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1992 Democratic National Convention

1992 Democratic National Convention
1992 Presidential Election

Clinton and Gore
Date(s) July 13 - July 16
City New York City
Venue Madison Square Garden
Keynote speaker Zell Miller
Presidential nominee Bill Clinton of Arkansas
Vice Presidential nominee Al Gore of Tennessee
Total delegates 4,201
Votes needed for nomination 2,103
Results (President) Clinton (AR): 3,372 (80.27%)
Brown (CA): 596 (14.19%)
Tsongas (MA): 209 (4.98%)
Casey (PA): 10 (0.24%)
Schroeder (CO): 8 (0.19%)
Agran (CA): 3 (0.07%)
Others: 3 (0.07%)
Ballots 1

The 1992 National Convention of the Dan Quayle in the 1992 presidential election.

The convention's keynote speaker was former GA), who said: "Not all of us can be born rich, handsome, and lucky, and that's why we have a Democratic Party." He also said "Our Commander in Chief talks like Dirty Harry but acts like Barney Fife."

The convention, organized by chairman Ron Brown, was seen as a great success. Unlike some earlier Democratic conventions, it had been well planned and run with few gaffes or errors, as even Republicans conceded. As Clinton finished his acceptance speech Fleetwood Mac's "Don't Stop", which would become the theme song of Bill Clinton's 1992 campaign, was played several times during the balloon drop and celebration.

Clinton received a significant poll bounce from the convention, due to both the perceived success of the convention, as well as Ross Perot announcing he was withdrawing from the campaign just as the convention was ending (Perot got back into the race in October).

The convention bounce gave the Clinton/Gore ticket a lead that only shrank significantly when Ross Perot re-entered the race.[1] Clinton and Gore went on to defeat President Bush and Vice-President Quayle, as well as independent candidate Ross Perot and his running mate, James Stockdale, in the general election.


  • Casey Controversy 1
  • Jerry Brown 2
  • The official Tally 3
    • President 3.1
    • Vice President 3.2
  • See also 4
  • References 5
  • External links 6

Casey Controversy

Pennsylvania Governor Bob Casey wanted to speak at the convention, but did not speak. Casey maintained that he was denied a speaking spot because he intended to give a speech about his opposition to abortion, while the Clinton camp said that Casey did not speak because he had not endorsed the Clinton/Gore ticket.[2] After the convention was over, Casey told the New York Times, "I support the ticket. Period."[3] Other Democrats opposing abortions such as Chicago Mayor Richard M. Daley, Senators John Breaux and Howell Heflin, and five anti-abortion Democratic governors did speak. While Democratic officials said that these speakers were not barred from discussing their opposition to abortion, they nonetheless did not address the issue in their speeches.[2]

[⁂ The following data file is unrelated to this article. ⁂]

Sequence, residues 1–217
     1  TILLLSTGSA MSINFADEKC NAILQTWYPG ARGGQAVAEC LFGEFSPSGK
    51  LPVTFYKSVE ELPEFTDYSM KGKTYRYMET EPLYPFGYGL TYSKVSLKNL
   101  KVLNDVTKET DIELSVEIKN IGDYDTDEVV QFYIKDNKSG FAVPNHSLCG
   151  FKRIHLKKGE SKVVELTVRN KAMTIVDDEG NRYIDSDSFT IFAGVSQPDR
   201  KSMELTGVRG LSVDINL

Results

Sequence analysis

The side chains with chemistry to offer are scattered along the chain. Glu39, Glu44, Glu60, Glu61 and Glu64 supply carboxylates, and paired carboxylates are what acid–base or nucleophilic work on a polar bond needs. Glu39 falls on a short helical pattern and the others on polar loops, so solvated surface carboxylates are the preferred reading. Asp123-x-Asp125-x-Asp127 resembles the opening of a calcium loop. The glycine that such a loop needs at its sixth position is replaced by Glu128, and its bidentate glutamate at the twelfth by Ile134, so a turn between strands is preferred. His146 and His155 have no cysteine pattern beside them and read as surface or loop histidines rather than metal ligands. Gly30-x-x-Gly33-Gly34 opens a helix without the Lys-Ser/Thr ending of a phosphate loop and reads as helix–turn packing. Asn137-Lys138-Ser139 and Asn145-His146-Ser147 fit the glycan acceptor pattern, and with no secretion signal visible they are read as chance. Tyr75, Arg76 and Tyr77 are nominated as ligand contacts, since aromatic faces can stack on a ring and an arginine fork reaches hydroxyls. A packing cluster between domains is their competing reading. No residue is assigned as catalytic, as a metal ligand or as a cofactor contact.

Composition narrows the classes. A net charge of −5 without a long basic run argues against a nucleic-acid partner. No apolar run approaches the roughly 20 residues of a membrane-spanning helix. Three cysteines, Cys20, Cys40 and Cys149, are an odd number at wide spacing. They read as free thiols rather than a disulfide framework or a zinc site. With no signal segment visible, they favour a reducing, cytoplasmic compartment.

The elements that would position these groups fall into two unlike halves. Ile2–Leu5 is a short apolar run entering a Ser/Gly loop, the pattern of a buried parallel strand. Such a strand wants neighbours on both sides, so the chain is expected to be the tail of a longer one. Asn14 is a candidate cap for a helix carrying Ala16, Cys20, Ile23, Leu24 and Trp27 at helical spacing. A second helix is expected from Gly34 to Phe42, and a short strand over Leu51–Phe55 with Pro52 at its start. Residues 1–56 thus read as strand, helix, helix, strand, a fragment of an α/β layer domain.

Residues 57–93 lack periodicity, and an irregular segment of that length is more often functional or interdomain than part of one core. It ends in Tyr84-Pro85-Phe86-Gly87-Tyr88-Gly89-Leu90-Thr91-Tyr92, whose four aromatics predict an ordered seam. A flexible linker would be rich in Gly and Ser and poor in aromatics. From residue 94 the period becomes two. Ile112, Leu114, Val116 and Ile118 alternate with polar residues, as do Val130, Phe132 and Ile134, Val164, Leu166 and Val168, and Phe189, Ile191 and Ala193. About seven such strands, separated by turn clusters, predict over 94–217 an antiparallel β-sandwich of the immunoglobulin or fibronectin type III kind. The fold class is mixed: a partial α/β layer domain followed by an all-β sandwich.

Casey asked both DNC Chairman Ron Brown and Texas Governor Ann Richards, the convention's chairwoman, for a speaking spot. Neither responded directly, and Casey later received a letter explaining that he would not receive a spot.[4]

Controversy regarding Casey's treatment at the 1992 Convention was frequently cited in media coverage of his son Bob Casey, Jr.'s successful 2006 Pennsylvania Senate campaign against Republican incumbent Rick Santorum.[4][5][6]

Jerry Brown

Former California Governor

The official Tally


Democratic National Convention presidential vote, 1992
Candidate Votes Percentage
Bill Clinton 3372 78.64%
Jerry Brown 596 13.90%
Paul Tsongas 289 6.74%
Robert P. Casey 10 0.02%
Rep. Pat Schroeder (CO) 5 0.01%
Larry Agran 3 0.0007%
Al Gore 1 0.0002%
Totals 4,288 100.00%

Vice President

Gore was nominated by acclamation on a voice vote

See also


  1. ^ Toner, Robin (October 6, 1992). "THE 1992 CAMPAIGN: Poll; Poll Finds Hostility to Perot And No Basic Shift in Race". The New York Times. Retrieved April 20, 2010. 
  2. ^ a b Michael Crowley, "Casey Closed," The New Republic, September 16, 1996.
  3. ^ Michael Decourcy Hinds, “Pennsylvania; Democratic Ticket Heads Into Fertile Territory,” New York Times July 19, 1992, Section 1, Page 20
  4. ^ a b Peter J Boyer (November 14, 2005). "The Right to Choose". The New Yorker. Archived from the original on 2012-02-19. Retrieved 2012-02-16. 
  5. ^ Alan Cooperman (September 15, 2006). "Senate Candidate Speaks of Life, Faith". The Washington Post: A03. 
  6. ^ ROBIN TONER (March 5, 2006). "To Democrats Hungry for Senate, a Pennsylvania Seat Looks Ripe". The New York Times. 

External links

  • Complete text and audio of Barbara Jordan's Keynote Address
  • Complete text and audio of Elizabeth Glaser's Address
  • Complete text and audio of William Jefferson Clinton's Acceptance Address
Preceded by
Democratic National Conventions Succeeded by
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